5.1.41  1stwarrior  replied to  Tacos! @5.1.34    one month ago

Yeah - and look at the examples of the folks "advocating" for government recommended foods.  Every one of them are overweight and, probably, not very healthy.

Let the govenment stick to the laws they are required to monitor - keep them away from "health" issues.

 
 
 
1stwarrior
5.1.42  1stwarrior  replied to  JohnRussell @5.1.40    one month ago

Here ya go John -

In the  United States food  waste is estimated at between 30-40 percent of the  food  supply. This estimate, based on estimates from USDA's Economic Research Service of 31 percent  food  loss at the retail and consumer levels, corresponded to approximately 133 billion pounds and $161 billion worth of  food.

And that doesn't even cover the wastefulness in the homes.

https://www.usda.gov/foodwaste/faqs

Can you imagine???  133 BILLION pounds - $161 BILLION worth of food.

 
 
 
CB
5.1.43  CB   replied to  Tacos! @5.1.34    one month ago

Oh please. Tell it to someone who wants to idle in conversation. There is no third option presented.

 
 
 
CB
5.1.44  CB   replied to  JohnRussell @5.1.40    one month ago

It's how s/he makes points by hyperbole. Just latch onto a gripe and pound it "home" non-stop.

 
 
 
Tacos!
5.1.45  Tacos!  replied to  sandy-2021492 @5.1.39    one month ago
maybe don't accuse me of forcing kids to eat healthy.

I didn’t say that either. You want to force them to eat what you want them to eat. You don’t know what will be most healthy for any particular kid. If a kid gets nothing but veggies at home, they might need proteins and fats from school. Or maybe they do like veggies, but just not the ones you want to provide. 

Where progressivism goes wrong is the when the progressive thinks he or she knows so much better than the people they are trying to help. All I have been saying is give people education and choices, listen to their decisions and spend our resources accordingly. You want to turn that very sensible give and take into I want them to eat junk food and have rotten teeth.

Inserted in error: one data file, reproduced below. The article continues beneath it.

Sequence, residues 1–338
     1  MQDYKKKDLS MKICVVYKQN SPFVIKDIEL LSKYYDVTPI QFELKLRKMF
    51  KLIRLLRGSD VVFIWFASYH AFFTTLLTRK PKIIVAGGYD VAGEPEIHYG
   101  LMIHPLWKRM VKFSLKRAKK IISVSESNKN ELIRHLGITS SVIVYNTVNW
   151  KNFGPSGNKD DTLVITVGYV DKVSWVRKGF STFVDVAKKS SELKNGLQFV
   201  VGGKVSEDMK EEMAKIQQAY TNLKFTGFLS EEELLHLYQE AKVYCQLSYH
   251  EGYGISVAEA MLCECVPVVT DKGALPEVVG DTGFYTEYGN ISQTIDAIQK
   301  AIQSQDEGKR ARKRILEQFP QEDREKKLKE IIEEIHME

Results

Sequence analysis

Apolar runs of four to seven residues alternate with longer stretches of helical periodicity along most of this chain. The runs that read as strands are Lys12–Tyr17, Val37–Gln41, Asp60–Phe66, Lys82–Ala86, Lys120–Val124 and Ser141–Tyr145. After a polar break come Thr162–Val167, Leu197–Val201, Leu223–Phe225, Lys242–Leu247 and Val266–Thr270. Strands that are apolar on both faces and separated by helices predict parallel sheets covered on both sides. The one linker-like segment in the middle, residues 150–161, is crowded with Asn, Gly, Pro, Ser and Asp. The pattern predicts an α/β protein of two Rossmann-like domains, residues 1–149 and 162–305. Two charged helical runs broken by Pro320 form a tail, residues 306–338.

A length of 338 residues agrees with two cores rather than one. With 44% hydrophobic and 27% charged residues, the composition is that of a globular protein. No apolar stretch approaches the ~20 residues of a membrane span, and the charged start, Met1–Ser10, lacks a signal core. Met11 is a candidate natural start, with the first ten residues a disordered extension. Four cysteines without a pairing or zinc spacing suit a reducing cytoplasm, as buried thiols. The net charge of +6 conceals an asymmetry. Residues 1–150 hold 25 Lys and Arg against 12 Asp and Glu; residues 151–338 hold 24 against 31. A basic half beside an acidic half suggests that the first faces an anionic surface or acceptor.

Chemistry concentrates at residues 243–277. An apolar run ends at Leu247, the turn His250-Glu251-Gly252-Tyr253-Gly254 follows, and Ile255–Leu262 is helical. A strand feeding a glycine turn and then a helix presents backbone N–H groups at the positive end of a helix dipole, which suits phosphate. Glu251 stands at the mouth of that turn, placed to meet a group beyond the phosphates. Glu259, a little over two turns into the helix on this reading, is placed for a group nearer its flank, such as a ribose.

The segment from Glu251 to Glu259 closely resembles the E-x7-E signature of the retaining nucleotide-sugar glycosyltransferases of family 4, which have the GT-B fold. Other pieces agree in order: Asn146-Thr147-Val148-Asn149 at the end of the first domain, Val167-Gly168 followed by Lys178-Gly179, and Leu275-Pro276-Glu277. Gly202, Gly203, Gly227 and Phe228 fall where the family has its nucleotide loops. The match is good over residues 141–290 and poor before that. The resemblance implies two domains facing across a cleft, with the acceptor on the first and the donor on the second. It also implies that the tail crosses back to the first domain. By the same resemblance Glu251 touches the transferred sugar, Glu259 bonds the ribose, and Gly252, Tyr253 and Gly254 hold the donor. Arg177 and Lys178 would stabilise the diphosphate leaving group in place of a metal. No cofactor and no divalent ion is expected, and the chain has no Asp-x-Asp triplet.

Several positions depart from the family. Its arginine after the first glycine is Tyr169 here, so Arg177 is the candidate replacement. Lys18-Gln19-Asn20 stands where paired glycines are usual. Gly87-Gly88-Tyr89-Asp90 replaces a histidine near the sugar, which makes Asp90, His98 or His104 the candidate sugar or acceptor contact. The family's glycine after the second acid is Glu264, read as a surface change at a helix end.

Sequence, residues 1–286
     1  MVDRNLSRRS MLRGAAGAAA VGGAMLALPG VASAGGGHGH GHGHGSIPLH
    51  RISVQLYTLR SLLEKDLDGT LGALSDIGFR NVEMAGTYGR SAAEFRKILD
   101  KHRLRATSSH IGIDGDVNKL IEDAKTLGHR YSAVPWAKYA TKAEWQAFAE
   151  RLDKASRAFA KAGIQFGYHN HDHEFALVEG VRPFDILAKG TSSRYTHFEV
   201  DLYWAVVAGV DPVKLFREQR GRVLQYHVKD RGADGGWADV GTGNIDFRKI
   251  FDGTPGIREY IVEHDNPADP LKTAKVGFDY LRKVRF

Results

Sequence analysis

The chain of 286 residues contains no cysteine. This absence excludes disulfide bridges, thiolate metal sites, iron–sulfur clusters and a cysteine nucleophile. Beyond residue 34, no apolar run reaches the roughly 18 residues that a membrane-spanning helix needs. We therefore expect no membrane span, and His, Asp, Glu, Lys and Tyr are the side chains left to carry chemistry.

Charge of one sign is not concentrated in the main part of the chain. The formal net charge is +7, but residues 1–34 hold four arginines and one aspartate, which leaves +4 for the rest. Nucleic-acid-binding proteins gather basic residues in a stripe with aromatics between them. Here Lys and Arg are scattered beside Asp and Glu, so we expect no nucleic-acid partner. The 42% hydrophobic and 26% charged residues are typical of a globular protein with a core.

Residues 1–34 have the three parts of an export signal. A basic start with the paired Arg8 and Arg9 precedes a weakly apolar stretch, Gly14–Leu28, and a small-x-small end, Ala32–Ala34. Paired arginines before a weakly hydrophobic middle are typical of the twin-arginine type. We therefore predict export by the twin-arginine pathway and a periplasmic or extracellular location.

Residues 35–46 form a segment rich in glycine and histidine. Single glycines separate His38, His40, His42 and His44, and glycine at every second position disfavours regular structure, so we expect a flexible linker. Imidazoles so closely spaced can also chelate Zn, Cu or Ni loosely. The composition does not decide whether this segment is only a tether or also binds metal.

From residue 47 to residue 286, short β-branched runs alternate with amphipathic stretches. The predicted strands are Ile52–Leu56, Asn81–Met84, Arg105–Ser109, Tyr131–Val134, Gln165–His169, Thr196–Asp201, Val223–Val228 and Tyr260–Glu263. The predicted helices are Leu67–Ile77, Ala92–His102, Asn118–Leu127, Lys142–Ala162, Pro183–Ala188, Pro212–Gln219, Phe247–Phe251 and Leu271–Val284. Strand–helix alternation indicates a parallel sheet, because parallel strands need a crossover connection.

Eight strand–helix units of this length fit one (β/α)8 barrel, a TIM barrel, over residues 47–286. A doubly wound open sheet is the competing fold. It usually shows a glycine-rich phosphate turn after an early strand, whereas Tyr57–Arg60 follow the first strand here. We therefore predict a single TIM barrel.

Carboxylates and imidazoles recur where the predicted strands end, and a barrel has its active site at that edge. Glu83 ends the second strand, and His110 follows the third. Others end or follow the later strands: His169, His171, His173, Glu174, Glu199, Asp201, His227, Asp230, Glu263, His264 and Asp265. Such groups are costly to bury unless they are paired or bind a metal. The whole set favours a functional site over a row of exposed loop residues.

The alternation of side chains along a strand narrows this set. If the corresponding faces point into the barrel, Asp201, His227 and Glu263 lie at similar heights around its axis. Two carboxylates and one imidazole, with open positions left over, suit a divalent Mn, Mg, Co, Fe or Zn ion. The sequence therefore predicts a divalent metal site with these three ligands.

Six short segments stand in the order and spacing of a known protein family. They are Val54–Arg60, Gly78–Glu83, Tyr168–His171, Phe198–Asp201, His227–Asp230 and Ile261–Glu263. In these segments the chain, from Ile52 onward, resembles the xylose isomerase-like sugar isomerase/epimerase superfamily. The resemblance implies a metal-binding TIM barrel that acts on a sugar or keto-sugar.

Tacos!
5.1.46  Tacos!  replied to  JohnRussell @5.1.40    one month ago

They’re wasting their own resources, then. Not someone else’s.

 
 
 
JohnRussell
5.1.47  seeder  JohnRussell  replied to  Tacos! @5.1.46    one month ago

You are crabbing about nothing.  When multitudes of people are fed there will always be some waste. 

 
 
 
sandy-2021492
5.1.48  sandy-2021492  replied to  Tacos! @5.1.45    one month ago
You want to force them to eat what you want them to eat.

Nope.  I want a healthy meal to be provided if I'm the one paying for it (and as a taxpayer, I am).  They can either eat it, bring lunch, or go hungry.  This is a choice that many of them face when their parents make something they don't like for dinner - eat it, or go hungry.  That's not forcing anybody.  That's just saying they're not entitled to a different meal from what is provided for them.

What makes you think school lunches don't have protein, or fat?  They generally contain some sort of meat, and often cheese - protein and fat both, right there.  Beans are not unheard of in school lunches, nor are eggs.